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Changes to G117 to support merging 1.3.1 and 1.3.4

From: Becky Gibson <Becky_Gibson@notesdev.ibm.com>
Date: Mon, 11 Dec 2006 15:55:27 -0500
To: public-wcag-teamc@w3.org
Message-ID: <OF6957D73A.BABFF458-ON85257241.0072E439-85257241.0072AF33@LocalDomain>

At the December 4 team C meeting we discussed changes to the 1.3.1 how to 
meet document [1] to support folding 1.3.4 into 1.3.1.   Andi expressed 
some concern about including G117 [2], "Using text to convey information 
that is conveyed by variations in presentation of text", as a sufficient 
technique because it does not require the variations in presentation of 
text to use semantic markup as is required by 1.3.1. 

This brings up the age old question of what exactly is programmatically 
determined. Changes to the font via CSS can be programmatically 
determined. However, what that CSS styling change means (the information) 
is NOT conveyed programmatically. Thus, changes in presentation made via 
CSS  to convey information would fail 1.3.1 (and this is covered in 
Failure F2: Failure of SC 1.3.1 and 1.3.4 due to using CSS to create 
variations in presentation of text that conveys information without also 
using the appropriate markup or text).   I think the question is,  in the 
case where the user is not conveying the INFORMATION in a programmatically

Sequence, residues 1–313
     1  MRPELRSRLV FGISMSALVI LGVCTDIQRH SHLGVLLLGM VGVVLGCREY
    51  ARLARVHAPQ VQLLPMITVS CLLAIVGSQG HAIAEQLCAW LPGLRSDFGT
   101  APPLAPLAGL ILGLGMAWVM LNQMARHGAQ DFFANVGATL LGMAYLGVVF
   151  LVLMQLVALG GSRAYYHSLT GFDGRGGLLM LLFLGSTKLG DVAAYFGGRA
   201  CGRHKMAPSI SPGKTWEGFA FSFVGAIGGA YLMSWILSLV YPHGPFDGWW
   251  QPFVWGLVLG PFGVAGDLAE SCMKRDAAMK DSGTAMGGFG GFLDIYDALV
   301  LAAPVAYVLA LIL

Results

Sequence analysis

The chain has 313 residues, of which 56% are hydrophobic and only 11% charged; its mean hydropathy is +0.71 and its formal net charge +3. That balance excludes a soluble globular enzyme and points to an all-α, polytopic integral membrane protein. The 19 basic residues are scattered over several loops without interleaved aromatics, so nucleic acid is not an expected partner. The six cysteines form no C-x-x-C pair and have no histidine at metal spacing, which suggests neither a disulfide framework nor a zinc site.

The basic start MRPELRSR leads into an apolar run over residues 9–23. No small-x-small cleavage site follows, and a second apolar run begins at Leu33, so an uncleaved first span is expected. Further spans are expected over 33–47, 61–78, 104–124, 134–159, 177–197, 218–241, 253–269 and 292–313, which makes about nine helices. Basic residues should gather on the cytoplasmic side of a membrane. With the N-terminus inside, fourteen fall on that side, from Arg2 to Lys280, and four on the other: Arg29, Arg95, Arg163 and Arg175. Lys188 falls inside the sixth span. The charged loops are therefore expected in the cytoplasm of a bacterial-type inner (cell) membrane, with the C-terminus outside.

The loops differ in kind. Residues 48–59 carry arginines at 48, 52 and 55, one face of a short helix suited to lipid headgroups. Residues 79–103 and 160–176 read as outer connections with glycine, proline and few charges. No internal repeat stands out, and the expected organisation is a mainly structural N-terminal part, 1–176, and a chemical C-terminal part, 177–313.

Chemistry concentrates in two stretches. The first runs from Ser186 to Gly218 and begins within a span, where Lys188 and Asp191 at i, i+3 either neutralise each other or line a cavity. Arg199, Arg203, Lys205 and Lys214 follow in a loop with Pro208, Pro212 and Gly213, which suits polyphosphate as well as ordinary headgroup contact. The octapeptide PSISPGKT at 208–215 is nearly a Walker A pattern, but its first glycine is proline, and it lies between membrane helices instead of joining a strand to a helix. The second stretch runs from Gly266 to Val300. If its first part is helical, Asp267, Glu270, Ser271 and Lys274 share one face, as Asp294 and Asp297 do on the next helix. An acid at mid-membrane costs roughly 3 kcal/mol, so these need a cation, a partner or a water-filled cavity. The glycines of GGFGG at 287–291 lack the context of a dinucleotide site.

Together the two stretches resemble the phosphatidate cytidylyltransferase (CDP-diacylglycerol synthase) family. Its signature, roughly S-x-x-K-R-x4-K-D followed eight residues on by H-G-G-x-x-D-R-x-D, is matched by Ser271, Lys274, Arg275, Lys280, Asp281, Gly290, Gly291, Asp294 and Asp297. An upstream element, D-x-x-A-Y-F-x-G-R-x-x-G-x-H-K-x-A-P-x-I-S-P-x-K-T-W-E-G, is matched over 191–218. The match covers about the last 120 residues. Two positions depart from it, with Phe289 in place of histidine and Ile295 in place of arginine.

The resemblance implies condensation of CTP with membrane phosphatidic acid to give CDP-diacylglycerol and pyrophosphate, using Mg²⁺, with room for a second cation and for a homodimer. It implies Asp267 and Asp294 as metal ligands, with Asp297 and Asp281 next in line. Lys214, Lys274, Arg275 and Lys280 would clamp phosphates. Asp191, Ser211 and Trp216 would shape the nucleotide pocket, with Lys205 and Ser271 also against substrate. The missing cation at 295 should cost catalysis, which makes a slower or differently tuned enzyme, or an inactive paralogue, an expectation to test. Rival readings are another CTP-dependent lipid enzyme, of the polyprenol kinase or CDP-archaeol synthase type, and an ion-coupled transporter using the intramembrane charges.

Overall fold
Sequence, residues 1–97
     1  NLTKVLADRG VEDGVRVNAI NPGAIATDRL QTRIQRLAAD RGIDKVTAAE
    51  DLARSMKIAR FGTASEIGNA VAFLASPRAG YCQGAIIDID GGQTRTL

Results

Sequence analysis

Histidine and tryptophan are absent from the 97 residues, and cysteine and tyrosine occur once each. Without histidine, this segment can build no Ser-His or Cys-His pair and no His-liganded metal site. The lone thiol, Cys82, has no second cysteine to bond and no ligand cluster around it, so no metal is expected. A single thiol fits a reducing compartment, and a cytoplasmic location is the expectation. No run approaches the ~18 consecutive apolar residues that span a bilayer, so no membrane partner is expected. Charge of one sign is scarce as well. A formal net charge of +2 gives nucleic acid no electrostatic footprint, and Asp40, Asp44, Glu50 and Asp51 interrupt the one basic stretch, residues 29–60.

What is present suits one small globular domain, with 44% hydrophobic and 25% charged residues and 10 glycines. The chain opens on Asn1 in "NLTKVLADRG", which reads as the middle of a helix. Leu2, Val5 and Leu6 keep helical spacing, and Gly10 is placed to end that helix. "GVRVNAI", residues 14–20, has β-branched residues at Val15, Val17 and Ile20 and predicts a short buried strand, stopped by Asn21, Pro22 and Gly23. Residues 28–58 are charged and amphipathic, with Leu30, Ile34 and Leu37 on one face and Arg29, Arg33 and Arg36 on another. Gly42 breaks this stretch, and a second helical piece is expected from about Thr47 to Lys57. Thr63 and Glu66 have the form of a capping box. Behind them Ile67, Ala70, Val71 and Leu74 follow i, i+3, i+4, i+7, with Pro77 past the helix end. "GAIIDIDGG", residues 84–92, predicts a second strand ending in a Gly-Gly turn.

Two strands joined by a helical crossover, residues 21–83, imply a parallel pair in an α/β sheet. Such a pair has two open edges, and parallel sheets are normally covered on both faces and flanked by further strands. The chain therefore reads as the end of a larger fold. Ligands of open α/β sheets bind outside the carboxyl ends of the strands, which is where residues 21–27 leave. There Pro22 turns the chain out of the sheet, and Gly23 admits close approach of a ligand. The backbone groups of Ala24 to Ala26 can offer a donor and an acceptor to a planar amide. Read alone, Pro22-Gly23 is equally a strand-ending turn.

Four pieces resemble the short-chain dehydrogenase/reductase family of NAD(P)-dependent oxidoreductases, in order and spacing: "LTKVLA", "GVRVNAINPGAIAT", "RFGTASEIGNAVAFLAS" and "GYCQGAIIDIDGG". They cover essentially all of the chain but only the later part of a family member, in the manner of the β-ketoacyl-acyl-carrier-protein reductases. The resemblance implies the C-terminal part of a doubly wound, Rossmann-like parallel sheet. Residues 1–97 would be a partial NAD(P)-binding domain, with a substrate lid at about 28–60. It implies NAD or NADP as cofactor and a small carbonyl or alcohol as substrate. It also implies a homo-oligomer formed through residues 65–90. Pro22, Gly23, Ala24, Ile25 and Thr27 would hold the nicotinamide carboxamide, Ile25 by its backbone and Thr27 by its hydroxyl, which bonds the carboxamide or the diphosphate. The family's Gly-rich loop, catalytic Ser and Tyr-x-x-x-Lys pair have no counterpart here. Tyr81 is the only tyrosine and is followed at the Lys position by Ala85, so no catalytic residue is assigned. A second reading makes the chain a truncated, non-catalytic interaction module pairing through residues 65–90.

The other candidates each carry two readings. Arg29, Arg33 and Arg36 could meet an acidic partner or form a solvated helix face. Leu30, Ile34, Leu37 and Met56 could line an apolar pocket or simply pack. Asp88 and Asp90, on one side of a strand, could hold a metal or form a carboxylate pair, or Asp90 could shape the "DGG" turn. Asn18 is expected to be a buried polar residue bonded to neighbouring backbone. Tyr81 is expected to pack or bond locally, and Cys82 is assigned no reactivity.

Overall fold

determined manner, is using text to convey the information a sufficient 
technique for 1.3.1? 

Here is how I would modify G117 to cover that: 
The objective of this technique is to ensure that information conveyed 
through variations in the formatting of text it is also conveyed in text, 
unless the information conveyed can also be programmatically determined. 
When the visual appearance of text is varied to convey information and the 
information is not programmatically determinable, state the information 
explicitly via text. Variations in the visual appearance can be made by 
changes in styling or via markup elements such as HTML strong, em, cite 
and others. When variations are made via style changes only, the 
information conveyed can not be programmatically determined and that 
information needs to be available elsewhere in the content via text. When 
changes are made via markup elements which convey meaning such as strong 
and em, the information can be determined programmatically.  Including 
additional sections in the document or an in-line description where the 
variation in presentation of text occurs can be used to convey the 
I think the examples can be used unchanged since they are examples where 
the information can not be programmatically determined and thus the 
information must also be provided in text. Perhaps provide an introduction 
to the examples:
Examples:  The following examples demonstrate situations where the 
information conveyed by the changes in presentation can not be 
programmatically determined and an additional text description is 
example 1 and example 2 remain unchanged. 
Add to the related techniques section:
G115: Using semantic elements to mark up structure 
Update the test section:
1.      Find items where variations in presentation of text are used to 
convey information <ins>and the information can not be programmatically 
2.      For those items, check to determine if information conveyed 
<ins>only</ins> visually is also stated explicitly in text.
Expected Results
Check #2 is true.


Becky Gibson
Web Accessibility Architect
IBM Emerging Internet Technologies
5 Technology Park Drive
Westford, MA 01886
Voice: 978 399-6101; t/l 333-6101
Email: gibsonb@us.ibm.com
Received on Monday, 11 December 2006 20:55:49 UTC

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